I shouldn't forget to mention another of my favorite teacher, my language instructor. She is the one who told me why being a teacher is so awesome. "In an office, you have the same files every year and you go over them again and again. But for a teacher, each file before her is an entirely different student with a totally different character, box full of ideas and a very sharp questioning mind." I won't forget that ever.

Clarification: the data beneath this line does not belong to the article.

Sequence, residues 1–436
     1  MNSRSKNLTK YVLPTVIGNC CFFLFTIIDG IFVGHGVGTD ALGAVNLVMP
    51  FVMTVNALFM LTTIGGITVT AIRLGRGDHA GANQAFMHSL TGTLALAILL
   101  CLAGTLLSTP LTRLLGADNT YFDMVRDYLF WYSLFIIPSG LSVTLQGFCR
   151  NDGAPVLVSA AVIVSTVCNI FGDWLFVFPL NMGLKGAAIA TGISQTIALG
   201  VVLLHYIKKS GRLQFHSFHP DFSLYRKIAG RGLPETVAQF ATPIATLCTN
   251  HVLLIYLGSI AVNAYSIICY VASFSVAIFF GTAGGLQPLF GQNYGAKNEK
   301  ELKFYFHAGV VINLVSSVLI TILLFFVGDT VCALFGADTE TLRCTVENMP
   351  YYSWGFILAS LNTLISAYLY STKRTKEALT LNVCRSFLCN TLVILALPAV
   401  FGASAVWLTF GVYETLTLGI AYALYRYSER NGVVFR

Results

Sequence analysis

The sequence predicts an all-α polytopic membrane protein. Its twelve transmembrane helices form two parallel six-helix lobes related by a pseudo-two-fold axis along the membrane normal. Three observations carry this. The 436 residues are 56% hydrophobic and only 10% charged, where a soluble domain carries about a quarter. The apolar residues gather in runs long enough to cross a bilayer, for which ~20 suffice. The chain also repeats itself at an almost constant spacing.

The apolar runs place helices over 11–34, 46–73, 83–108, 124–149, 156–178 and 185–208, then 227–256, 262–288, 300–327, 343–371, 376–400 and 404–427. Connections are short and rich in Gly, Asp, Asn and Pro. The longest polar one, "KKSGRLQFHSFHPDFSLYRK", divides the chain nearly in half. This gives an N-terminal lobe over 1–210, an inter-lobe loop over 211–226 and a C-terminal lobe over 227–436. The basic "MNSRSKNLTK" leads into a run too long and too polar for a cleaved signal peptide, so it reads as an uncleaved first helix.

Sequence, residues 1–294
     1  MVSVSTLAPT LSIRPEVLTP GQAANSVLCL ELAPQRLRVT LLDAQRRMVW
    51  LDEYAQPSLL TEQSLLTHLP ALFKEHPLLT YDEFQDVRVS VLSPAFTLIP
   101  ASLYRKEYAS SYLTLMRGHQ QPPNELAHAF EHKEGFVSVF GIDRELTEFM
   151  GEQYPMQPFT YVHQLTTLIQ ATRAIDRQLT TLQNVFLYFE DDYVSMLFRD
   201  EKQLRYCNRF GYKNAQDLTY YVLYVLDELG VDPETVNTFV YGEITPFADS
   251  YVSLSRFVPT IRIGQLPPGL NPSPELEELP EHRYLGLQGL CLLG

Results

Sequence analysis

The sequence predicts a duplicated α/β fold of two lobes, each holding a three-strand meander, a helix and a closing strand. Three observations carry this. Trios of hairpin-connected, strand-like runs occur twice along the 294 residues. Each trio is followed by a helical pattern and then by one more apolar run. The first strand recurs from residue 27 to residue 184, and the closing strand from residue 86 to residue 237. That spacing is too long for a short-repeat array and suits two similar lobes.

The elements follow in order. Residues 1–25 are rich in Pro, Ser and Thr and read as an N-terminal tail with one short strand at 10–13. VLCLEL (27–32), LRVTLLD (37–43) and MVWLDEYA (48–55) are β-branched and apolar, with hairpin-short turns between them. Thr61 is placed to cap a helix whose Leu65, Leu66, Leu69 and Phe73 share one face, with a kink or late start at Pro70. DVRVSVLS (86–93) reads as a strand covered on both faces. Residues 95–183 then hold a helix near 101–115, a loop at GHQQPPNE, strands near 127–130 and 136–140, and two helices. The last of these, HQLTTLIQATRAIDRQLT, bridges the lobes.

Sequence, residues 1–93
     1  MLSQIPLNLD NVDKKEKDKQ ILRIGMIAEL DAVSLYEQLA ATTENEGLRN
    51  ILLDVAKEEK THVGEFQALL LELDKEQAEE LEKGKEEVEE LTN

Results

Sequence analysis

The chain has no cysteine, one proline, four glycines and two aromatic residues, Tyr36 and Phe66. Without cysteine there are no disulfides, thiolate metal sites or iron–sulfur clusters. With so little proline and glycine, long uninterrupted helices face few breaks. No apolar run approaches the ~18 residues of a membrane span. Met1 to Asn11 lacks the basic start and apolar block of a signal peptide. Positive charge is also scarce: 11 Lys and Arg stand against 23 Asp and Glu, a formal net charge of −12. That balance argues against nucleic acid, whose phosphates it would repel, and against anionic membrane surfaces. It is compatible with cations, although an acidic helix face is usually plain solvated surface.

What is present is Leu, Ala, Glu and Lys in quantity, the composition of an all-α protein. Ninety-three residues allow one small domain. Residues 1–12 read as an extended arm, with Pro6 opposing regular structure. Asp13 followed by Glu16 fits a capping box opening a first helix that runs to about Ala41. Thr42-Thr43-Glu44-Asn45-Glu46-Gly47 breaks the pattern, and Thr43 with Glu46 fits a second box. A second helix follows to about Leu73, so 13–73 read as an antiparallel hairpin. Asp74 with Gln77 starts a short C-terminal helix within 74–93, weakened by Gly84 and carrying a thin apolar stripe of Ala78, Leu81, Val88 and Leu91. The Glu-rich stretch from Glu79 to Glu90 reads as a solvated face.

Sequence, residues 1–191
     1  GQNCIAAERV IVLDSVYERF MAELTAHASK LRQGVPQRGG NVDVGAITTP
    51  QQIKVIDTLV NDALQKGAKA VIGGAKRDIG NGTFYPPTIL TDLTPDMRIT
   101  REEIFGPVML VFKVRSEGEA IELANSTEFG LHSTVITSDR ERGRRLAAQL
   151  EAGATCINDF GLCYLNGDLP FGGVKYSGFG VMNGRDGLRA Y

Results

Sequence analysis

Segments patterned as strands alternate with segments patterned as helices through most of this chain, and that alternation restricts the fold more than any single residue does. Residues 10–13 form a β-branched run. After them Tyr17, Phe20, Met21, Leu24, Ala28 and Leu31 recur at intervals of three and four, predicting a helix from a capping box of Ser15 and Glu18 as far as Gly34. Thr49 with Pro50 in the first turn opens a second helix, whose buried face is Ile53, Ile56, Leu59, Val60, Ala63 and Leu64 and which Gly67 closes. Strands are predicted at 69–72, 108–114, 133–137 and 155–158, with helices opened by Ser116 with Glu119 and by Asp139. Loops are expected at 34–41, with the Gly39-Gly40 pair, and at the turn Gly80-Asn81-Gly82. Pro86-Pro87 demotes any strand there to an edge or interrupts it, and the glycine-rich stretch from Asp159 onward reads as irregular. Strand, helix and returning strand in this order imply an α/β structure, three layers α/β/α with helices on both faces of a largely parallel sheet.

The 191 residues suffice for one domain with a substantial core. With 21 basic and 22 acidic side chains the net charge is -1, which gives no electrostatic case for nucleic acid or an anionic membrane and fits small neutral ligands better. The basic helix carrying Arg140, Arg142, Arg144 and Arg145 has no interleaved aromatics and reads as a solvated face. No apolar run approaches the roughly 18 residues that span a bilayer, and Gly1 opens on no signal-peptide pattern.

Then there was this other chemistry teacher. Seeing my nonchalant attitude towards entrance preparation, my parents decided that I should join a entrance coaching center. It was pure hell for me, I didn't want to go there, but my parents can be intimidating at times. So reluctantly I went to the class. I had some classmates as well there. Some lazy, but smart bums (cough .. Alok, Nandi, Karthi..). After a few classes I was bored like hell, I just wanted to get out of there. I hated cramming like that for the exam. Then came this guy. We knew he was supposed to teach chemistry. But certainly he needed a lesson in dressing. His shirt was really faded, he had a chappal (flip-flop) and he had his hair and mustache unkept. After class we named him "Kroor Singh", the then ChandraKantha fame. He asked some simple question to our chemistry expert (cough, cough.. Karthi.). It was simple and she answered it easily. He looked directly into her eyes, in a questioning manner. She was sure of the answer. Right after seeing the attire, I had stopped paying attention. But, I heard her answer and ya that sounded right. Then the most surprising thing happened, he said the answer is wrong. I have often felt that being on the front bench is the best cover up for being absent minded in the class. Very few teachers really pick on front bench students. ;) :D . Obviously this guy was different. He picked on me. I was taken by surprise, I replied that I had the same answer in my mind, but if that was wrong, I needed to hear the question once more. He repeated and somehow I caught wind of the catch. It was some trick question.( Karthi still hates him for that, I am sure.) From that day onwards, I stopped evaluating people based on the dress code. He may not know how to comb his hair, but sure he knew his subject and that was what mattered. I loved his classes while I was there, but only his. As for the rest of the story, I managed to finally convince my parents that I hate these entrance coaching and went back to my favorite profs.